Imagine being invited to a contest where you are brought to a room where there are over 200 pies displayed on many tables. A person points to a pie and asks you to guess what type of pie it is. You have nothing to help you out. You can't taste the pie, smell the pie or open the pie to see its content. You will have to rely on the sight of the pie alone. You end up guessing because there are no clues to help you out, so you say "peach pie", so they slice the pie, and of course, you are wrong. The same goes with lumps, you don't know what you are dealing with through sight and touch alone unless you do a fine needle aspirate. In a fine needle aspirate procedure, your vet collects cells and/or fluids using a small needle. The collected cells and/or fluids are then placed on a glass side and sent to pathology for evaluation. Only after the pathologist looks at the collected sample and sends a report, your vet can let you know what the lump exactly is. This can ultimately help sort out the malignant growths from the benign ones.
*Note: some lumps may be tricky to identify. In some cases, a fine needle aspiration may come back inconclusive or suspicious and a biopsy may be needed or the vet may suggest to simply remove the lump and send the whole thing to pathology.
Found a lump? Keep track of your dog's lumps with this helpful body map!
Courtesy of Southern Arizona Veterinary Oncology, a wonderful resource for treating cancer in pets, is this helpful body map for dog owners to record their dog's lumps, locations and findings.
When in Doubt, Please Sort It Out!
You still may at times feel tempted to wait to have that lump checked out, just because it's small, looks innocent-looking and isn't growing much. Perhaps, even your vet suggested you to do so. There's a scary trend going on and owners should be aware of this. There have been cases where vets have told their clients to take a wait and see approach because the lump was small as a pea or just because they dog has had many similar lumps in the past and they all turned out to be benign. It's easy to get a sense of false reassurance just because the dog has had many lumps in the past and they turned out being all benign.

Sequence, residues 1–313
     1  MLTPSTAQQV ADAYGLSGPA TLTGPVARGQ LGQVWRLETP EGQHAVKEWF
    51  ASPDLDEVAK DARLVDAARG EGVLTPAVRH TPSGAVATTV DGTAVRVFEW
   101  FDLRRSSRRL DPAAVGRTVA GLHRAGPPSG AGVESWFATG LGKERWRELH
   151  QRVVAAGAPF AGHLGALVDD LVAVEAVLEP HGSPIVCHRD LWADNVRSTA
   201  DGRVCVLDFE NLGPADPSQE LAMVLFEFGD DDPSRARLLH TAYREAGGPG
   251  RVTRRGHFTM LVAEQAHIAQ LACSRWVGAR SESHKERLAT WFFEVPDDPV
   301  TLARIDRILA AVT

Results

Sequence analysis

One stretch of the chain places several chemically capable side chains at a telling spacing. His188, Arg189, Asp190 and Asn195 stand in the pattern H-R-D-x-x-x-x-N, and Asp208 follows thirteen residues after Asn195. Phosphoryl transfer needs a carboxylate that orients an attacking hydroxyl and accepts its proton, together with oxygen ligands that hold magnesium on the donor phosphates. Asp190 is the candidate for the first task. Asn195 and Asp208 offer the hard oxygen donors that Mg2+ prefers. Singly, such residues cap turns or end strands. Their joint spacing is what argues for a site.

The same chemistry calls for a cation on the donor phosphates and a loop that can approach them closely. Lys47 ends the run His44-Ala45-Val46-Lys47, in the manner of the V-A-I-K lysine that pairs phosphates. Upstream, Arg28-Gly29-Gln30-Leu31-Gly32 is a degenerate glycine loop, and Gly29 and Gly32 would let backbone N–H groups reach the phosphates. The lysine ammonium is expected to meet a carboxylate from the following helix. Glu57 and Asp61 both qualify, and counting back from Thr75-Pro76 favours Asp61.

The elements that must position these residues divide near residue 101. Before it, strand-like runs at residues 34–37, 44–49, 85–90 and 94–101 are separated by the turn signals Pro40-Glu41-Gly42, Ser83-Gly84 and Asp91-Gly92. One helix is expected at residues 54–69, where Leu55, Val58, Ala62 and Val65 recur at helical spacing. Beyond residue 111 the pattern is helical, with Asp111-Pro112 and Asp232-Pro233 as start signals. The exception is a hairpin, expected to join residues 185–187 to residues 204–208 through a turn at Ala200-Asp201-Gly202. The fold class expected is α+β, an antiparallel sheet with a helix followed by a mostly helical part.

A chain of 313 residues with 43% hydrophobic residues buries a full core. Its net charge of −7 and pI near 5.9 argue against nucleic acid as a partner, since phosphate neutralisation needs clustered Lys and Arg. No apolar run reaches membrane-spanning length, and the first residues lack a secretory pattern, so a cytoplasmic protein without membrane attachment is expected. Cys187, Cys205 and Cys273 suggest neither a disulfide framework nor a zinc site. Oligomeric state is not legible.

There are countless stories though of dogs who end up with cancer just because of that "wait and see" approach. What happened? In many cases, the owner wasn't too diligent in keeping an eye on the lump until he notices it's three time its size, or the owner may have forgotten how it looked like in the initial visit six months prior (it helps to take routine pictures and measurements of the lump to keep track) . A needle aspirate is then done and pathology report reveals the big "C" and the vet calls the owner who is in disbelief. The surgery now is much more invasive than it would have been if this was caught earlier and the prognosis may be guarded. If the owner waited a bit more, the cancer could have metastasized to internal organs which could have been a death sentence. Not a nice ending to a story that could have had a totally different outcome!